Like Ground Control said, he really made the third grade’s day

The daredevil has landed: One cool lesson for the children, one giant coup for CIS

Eric Clapton knows the feeling when he gets his guitar out. And so does Lionel Messi at the Nou Camp. But it’s not often that an individual can appear at a venue and know everyone present actually wants to swap places with them.

But if Andreas Mogensen, Denmark’s answer to Buzz Lightyear, didn’t know it before he turned up at Copenhagen International School last week on Friday, he knows it now; everyone in the third grade wants to be an astronaut!

Coating in a most peculiar way (and the papers want to know whose shirts you wear)

Soya sauce in space!
Mogensen, who in September 2015 is expected to become Denmark’s first ever person in space, was the guest of honour at his alma mater, where he gave a first-hand account of his training and the life science studies he will conduct at an altitude of 330 km above Earth’s crust.

Next autumn, Mogensen will be launched on a Soyuz TMA-18 spacecraft from Baikonur Cosmodrome in Kazakhstan for his ten-day mission at the International Space Station (ISS).

As the flight engineer in the ‘left seat’ of Soyuz, he will be second-in-command of the vehicle, but on this day he was the superior officer and charged with answering questions like “Why are you taking soya sauce to space?”

There’s a starman waiting in the drive

Alien haute couture
The students arrived in their finest interpretations of alien haute couture, expertly crafted out of bin bags and tin foil.

The excitement was palpable as they took their places in the darkened, cocoon-like auditorium, where they were joined by Paxi, an Earth-loving alien who is the ESA Education’s official mascot.

He’d like to come and meet us, but he thinks he’d blow our minds

Learning, no doubt yearning
First there was a presentation on Mission X: ‘Train like an Astronaut’, an international educational challenge encouraging children to focus on fitness and nutrition.

And then Mogensen took to the stage to present clips of reboost manoeuvres by his colleagues on the ISS to maintain altitude, images of the new ‘skinsuit’ he will assess the effectiveness of, and his experience of weightlessness on reduced gravity parabolic flights – in short, bucketloads of wow factor.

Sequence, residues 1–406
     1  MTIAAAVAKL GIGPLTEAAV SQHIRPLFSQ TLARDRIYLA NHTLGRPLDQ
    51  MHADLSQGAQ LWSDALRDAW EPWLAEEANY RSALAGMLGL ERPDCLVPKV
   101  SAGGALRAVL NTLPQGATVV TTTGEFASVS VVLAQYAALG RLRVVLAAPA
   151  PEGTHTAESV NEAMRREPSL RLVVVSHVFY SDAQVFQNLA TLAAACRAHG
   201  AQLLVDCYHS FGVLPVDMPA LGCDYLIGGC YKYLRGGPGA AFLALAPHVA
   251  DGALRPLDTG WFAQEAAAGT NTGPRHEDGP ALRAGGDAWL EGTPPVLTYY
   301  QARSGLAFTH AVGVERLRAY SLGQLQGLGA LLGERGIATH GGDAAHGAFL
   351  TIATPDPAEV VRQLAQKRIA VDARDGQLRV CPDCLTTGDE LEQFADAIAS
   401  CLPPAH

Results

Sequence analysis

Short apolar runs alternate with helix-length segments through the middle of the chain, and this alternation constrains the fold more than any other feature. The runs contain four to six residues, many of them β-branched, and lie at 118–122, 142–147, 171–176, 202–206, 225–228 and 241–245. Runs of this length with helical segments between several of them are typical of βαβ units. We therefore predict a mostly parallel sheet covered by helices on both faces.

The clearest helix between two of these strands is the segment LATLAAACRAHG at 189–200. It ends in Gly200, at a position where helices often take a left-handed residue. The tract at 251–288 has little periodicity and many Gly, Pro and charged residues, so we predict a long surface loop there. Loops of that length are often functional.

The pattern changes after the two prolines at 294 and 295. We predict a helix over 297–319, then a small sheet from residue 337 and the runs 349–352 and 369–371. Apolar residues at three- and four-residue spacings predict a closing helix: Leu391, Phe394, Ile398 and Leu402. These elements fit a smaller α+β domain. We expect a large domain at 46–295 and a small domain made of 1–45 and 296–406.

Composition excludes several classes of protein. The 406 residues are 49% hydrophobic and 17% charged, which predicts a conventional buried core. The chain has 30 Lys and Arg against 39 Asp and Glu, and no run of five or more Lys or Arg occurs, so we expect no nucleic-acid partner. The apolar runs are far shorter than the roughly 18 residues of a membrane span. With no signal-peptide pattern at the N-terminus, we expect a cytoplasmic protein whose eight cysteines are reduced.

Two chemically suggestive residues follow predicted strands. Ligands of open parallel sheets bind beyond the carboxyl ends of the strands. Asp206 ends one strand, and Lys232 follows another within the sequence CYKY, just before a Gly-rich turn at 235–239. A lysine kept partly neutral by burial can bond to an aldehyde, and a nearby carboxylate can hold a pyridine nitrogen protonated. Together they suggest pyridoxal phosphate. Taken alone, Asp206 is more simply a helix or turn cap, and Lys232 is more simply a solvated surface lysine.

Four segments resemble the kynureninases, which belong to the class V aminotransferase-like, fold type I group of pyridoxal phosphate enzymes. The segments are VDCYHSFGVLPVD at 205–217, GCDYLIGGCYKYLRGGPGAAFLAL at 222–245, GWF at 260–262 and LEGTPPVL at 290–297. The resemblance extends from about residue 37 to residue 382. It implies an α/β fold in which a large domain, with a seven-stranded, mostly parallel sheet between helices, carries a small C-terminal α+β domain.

Let all the children boogie

When he returns to Earth
The Q&A session was uninhibited and honest – it ran the gamut from “Are you scared?” to “How do you go to the toilet in space?’’ The children presented their space-themed drawings for Mogensen to autograph.

Meanwhile, CIS can look forward to his return with the polo shirt he has promised to take into space.

  • How internationals can benefit from joining trade unions

    How internationals can benefit from joining trade unions

    Being part of a trade union is a long-established norm for Danes. But many internationals do not join unions – instead enduring workers’ rights violations. Find out how joining a union could benefit you, and how to go about it.

  • Internationals in Denmark rarely join a trade union

    Internationals in Denmark rarely join a trade union

    Internationals are overrepresented in the lowest-paid fields of agriculture, transport, cleaning, hotels and restaurants, and construction – industries that classically lack collective agreements. A new analysis from the Workers’ Union’s Business Council suggests that internationals rarely join trade unions – but if they did, it would generate better industry standards.

  • Novo Nordisk overtakes LEGO as the most desirable future workplace amongst university students

    Novo Nordisk overtakes LEGO as the most desirable future workplace amongst university students

    The numbers are especially striking amongst the 3,477 business and economics students polled, of whom 31 percent elected Novo Nordisk as their favorite, compared with 20 percent last year.